New Jersey Governor James McGreevey resigned in disgrace last week, after revealing that he’d had an extra-marital affair with another man. It wasn’t that he’s gay, or that he’d cheated on his wife, that forced the Governor to resign. Rather, it was a threatened sexual harrassment lawsuit by McGreevey’s former lover, Golan Cipel.
McGreevey and Cipel tell very different stories, and it will be some time before the truth comes out — assuming it ever does. But even construing the facts in McGreevey’s favor, the story is an ugly one. Cipel briefly held a six-figure job in the McGreevey administration as New Jersey’s Head of Homeland Security, a position for which Cipel was monumentally unqualified. As a non-U.S. citizen, Cipel wasn’t even eligible for the security clearances required to gain access to the classified information a Homeland Security director must inevitably deal with.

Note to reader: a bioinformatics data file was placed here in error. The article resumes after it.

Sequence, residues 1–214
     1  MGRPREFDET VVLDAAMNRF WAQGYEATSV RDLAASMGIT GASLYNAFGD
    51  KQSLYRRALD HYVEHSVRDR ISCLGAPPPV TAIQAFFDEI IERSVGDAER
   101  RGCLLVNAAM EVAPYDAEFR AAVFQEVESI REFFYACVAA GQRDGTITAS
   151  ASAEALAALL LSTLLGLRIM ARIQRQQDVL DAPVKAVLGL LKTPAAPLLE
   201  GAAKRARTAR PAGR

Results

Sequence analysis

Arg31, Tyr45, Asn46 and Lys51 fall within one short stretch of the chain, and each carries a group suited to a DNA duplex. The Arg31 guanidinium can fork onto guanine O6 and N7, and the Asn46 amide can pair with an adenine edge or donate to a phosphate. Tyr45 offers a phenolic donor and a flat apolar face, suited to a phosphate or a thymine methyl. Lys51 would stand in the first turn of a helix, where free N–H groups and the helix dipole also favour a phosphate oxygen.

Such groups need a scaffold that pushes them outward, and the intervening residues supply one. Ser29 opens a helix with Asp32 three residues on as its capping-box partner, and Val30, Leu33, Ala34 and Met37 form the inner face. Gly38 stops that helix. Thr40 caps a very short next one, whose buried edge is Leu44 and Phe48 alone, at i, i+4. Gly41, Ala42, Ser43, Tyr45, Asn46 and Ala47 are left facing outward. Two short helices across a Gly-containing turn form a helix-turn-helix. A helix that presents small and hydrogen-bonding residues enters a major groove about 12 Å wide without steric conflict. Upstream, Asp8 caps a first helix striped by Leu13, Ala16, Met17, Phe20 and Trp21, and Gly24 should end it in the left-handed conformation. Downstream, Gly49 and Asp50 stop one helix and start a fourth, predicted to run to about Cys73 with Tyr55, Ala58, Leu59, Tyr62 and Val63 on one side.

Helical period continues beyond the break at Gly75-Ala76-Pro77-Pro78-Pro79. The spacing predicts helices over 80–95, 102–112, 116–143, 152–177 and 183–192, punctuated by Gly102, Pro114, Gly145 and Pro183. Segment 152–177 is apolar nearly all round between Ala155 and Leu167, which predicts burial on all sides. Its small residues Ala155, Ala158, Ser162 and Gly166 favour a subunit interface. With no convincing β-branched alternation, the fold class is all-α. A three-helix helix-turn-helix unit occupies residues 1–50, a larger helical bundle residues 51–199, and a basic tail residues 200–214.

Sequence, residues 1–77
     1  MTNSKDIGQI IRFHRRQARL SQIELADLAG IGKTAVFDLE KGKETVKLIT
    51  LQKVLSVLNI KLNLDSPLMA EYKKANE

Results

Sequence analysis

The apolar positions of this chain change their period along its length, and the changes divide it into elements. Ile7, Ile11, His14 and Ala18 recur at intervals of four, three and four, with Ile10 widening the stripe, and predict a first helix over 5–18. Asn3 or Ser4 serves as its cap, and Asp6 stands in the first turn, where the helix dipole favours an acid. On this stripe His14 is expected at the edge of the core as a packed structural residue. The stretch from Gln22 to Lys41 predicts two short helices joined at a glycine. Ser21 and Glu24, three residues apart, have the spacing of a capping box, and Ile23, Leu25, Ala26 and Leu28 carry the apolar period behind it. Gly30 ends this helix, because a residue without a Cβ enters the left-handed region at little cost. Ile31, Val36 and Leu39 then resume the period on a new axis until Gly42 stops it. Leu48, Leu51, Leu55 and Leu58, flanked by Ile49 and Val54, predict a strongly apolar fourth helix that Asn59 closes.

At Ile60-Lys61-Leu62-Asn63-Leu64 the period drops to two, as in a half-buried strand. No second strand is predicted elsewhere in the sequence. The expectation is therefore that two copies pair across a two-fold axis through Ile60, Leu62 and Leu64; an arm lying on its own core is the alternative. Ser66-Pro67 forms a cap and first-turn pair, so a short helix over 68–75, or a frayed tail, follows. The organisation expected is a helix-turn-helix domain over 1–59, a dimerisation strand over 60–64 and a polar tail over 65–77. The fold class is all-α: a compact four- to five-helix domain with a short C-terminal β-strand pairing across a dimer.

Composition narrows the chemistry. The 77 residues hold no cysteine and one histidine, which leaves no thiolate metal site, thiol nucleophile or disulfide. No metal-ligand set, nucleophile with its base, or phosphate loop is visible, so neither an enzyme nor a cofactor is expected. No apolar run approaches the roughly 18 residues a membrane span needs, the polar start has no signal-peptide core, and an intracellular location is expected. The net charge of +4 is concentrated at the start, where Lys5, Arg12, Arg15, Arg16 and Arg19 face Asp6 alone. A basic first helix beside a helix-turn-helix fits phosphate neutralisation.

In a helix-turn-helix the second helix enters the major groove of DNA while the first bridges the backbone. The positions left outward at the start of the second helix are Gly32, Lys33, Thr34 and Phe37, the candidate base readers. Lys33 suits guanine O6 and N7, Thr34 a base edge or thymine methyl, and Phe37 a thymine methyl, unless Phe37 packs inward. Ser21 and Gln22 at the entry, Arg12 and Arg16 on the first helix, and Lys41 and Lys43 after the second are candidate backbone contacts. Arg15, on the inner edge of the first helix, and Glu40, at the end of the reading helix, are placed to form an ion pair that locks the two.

Cipel says McGreevey raped him, then offered him a cushy government job as the price of his silence. McGreevey says the relationship was consensual, and Cipel’s lawsuit is just thinly disguised blackmail. But the unavoidable conclusion, even accepting McGreevey’s version of it, is that Cipel was on the government payroll so that the Governor would have easy access to him for sex.
Never has such a high-profile politician come out and admitted he was gay. But despite McGreevey’s sudden candor, it’s clear this wasn’t a voluntary confession. Rather, after weeks of agonizing reflection, the Governor was forced to accept that the truth could no longer be concealed. The picture of a conflicted man living a private life of lies, while publicly trying to persuade the world that he was “normal,” is hardly the image the gay community wants to portray. McGreevey isn’t a poster-child for gay America. He’s just another corrupt politician who couldn’t keep his pants on.